Not so fast, Newton. A few questions, aside from the dubious “some person once said” prelude. What kind of doctor was Dr. Jones? Did he practice medicine? Did he even have a Ph.D.? Or did he call himself “doctor” because it looked good on a business card? What exactly is the Institute of Pathology and Infectious Viruses? Is it a world-renown institute recognized for its ground-breaking work in viral research? Is it an accredited body? Or is it a make-shift lab in some dude’s basement? What methodology was used to support his conclusion? Was there a methodology? Was there even a study? Furthermore, who publishes the American Journal of Airborne Diseases? The World Health Organization? The American Medical Association? Dr. Mattias Jones using desktop software? Come to think of it, is he even a real person? I don’t know. Do you?

The larger issue with doing your own research into complex science is, of course, that none of us have the time, means, or foundational knowledge to appropriately study it. We need to rely on experts who have made it their life’s work – infectiologists, virologists, and yes, actual researchers. Proficiency in any subject is not achieved over the course of a few hours or days or months. Can you sit at a piano with no training and bang out Liszt’s La Campanella? Neither can I. Diving into YouTube won’t solve the core problem of not knowing what the hell I’m doing. Just like I can’t prescribe drugs after watching some guy’s PowerPoint about pharmaceuticals. It also adds to the confusion when we are besieged by senators trying to score political points and talking heads striving to maintain viewership. The more complicated a subject – especially one based in rigorous trial and error – the better off we all are stepping back, ignoring the ignorant, and giving experts the latitude to apply their expertise. This doesn’t mean you can’t throw anchovies on your pizza. Go wild with your questionable choice. At least the only victim will your taste buds.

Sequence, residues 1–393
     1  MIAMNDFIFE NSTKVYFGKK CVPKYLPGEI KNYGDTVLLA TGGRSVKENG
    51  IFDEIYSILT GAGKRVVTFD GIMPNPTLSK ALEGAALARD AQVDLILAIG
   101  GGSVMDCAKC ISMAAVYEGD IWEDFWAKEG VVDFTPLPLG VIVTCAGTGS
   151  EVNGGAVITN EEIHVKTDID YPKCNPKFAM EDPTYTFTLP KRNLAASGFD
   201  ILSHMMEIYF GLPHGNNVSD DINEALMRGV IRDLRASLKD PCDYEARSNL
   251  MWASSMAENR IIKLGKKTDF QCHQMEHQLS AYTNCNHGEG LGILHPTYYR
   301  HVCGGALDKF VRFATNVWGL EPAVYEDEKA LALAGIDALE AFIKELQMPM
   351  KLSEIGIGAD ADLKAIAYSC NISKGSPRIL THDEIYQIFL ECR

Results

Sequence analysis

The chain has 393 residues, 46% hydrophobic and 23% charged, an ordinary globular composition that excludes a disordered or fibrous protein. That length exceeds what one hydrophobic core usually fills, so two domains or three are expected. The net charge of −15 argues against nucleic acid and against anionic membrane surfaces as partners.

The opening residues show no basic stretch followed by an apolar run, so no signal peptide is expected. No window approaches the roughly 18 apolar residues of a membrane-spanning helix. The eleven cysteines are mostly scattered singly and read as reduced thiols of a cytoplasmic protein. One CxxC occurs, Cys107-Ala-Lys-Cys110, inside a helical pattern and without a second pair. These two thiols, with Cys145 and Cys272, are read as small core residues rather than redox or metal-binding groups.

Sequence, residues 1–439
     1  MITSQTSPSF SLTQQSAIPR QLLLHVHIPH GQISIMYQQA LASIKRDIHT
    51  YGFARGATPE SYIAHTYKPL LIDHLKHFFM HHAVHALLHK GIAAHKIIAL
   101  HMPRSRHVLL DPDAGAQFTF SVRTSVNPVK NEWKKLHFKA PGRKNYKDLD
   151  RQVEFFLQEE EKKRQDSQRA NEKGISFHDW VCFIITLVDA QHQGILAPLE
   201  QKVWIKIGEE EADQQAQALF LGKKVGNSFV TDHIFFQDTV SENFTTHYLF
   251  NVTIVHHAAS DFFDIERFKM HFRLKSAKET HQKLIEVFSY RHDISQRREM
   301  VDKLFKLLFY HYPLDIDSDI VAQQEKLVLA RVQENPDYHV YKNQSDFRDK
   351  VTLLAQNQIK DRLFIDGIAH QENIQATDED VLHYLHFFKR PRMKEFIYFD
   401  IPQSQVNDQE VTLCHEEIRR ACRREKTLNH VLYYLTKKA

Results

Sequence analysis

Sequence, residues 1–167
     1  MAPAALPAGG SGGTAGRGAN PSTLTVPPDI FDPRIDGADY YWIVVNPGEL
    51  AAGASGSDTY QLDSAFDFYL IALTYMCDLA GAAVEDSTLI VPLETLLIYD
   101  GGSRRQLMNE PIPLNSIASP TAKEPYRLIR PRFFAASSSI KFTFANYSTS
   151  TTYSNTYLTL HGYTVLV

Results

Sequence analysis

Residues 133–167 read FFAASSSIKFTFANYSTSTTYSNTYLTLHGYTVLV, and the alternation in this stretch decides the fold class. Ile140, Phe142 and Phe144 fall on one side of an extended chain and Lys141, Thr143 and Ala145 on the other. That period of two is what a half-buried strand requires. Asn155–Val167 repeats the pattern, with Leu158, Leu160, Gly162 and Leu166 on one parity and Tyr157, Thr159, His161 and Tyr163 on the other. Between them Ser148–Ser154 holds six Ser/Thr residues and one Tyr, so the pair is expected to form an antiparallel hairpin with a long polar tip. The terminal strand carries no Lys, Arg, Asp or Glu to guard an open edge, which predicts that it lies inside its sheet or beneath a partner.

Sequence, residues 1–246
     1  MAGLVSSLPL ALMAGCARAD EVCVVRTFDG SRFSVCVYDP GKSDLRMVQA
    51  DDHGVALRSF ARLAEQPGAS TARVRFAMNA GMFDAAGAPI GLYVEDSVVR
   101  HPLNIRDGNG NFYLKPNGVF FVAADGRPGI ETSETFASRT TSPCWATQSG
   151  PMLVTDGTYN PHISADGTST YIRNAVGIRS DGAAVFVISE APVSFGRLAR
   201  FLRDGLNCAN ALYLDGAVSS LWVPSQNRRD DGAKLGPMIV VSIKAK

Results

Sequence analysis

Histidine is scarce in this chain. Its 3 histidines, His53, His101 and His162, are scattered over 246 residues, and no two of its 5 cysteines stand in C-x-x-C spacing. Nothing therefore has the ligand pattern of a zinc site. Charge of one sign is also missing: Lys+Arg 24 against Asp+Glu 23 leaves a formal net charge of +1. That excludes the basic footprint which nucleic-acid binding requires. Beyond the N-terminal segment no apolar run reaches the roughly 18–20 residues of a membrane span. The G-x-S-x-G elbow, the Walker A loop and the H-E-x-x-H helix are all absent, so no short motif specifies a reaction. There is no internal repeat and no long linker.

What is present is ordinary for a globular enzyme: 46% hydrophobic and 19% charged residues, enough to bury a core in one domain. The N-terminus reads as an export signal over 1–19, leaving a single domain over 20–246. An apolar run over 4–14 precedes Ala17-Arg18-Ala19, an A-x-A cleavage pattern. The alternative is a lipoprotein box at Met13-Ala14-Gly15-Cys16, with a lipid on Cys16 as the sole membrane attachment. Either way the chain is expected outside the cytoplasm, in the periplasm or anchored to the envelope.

Comments
  1. rangewriter says:

    Right on, John! Thank you for sharing your well-written and reasoned opinion.

    Liked by 1 person

  2. Esther Erman says:

    You may not be an expert on medical stuff, John, but great writing in this blog! Bravo! And you’re so right! One of the biggest surprises in this pandemic is the audacity with which some really unqualified people make pronouncements. BTW, good on you for giving the anchovy-laced pizza an honest try.

    Liked by 1 person